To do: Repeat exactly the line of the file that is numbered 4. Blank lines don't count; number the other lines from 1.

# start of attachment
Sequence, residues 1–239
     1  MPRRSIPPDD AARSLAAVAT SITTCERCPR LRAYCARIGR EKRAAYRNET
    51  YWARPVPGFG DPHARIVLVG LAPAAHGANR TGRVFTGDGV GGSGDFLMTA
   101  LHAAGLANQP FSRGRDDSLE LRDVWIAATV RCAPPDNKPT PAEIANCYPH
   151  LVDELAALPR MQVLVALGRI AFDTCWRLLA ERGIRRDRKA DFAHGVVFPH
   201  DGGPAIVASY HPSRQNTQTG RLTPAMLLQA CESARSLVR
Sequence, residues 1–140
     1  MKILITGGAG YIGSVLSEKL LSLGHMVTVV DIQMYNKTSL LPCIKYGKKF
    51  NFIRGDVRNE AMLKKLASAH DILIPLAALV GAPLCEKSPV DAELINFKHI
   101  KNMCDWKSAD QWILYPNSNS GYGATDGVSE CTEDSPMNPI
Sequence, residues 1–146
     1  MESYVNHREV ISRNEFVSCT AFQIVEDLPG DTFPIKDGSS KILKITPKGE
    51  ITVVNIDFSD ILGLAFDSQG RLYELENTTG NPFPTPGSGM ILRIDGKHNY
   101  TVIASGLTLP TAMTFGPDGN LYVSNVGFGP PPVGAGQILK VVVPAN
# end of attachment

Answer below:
   101  LHAAGLANQP FSRGRDDSLE LRDVWIAATV RCAPPDNKPT PAEIANCYPH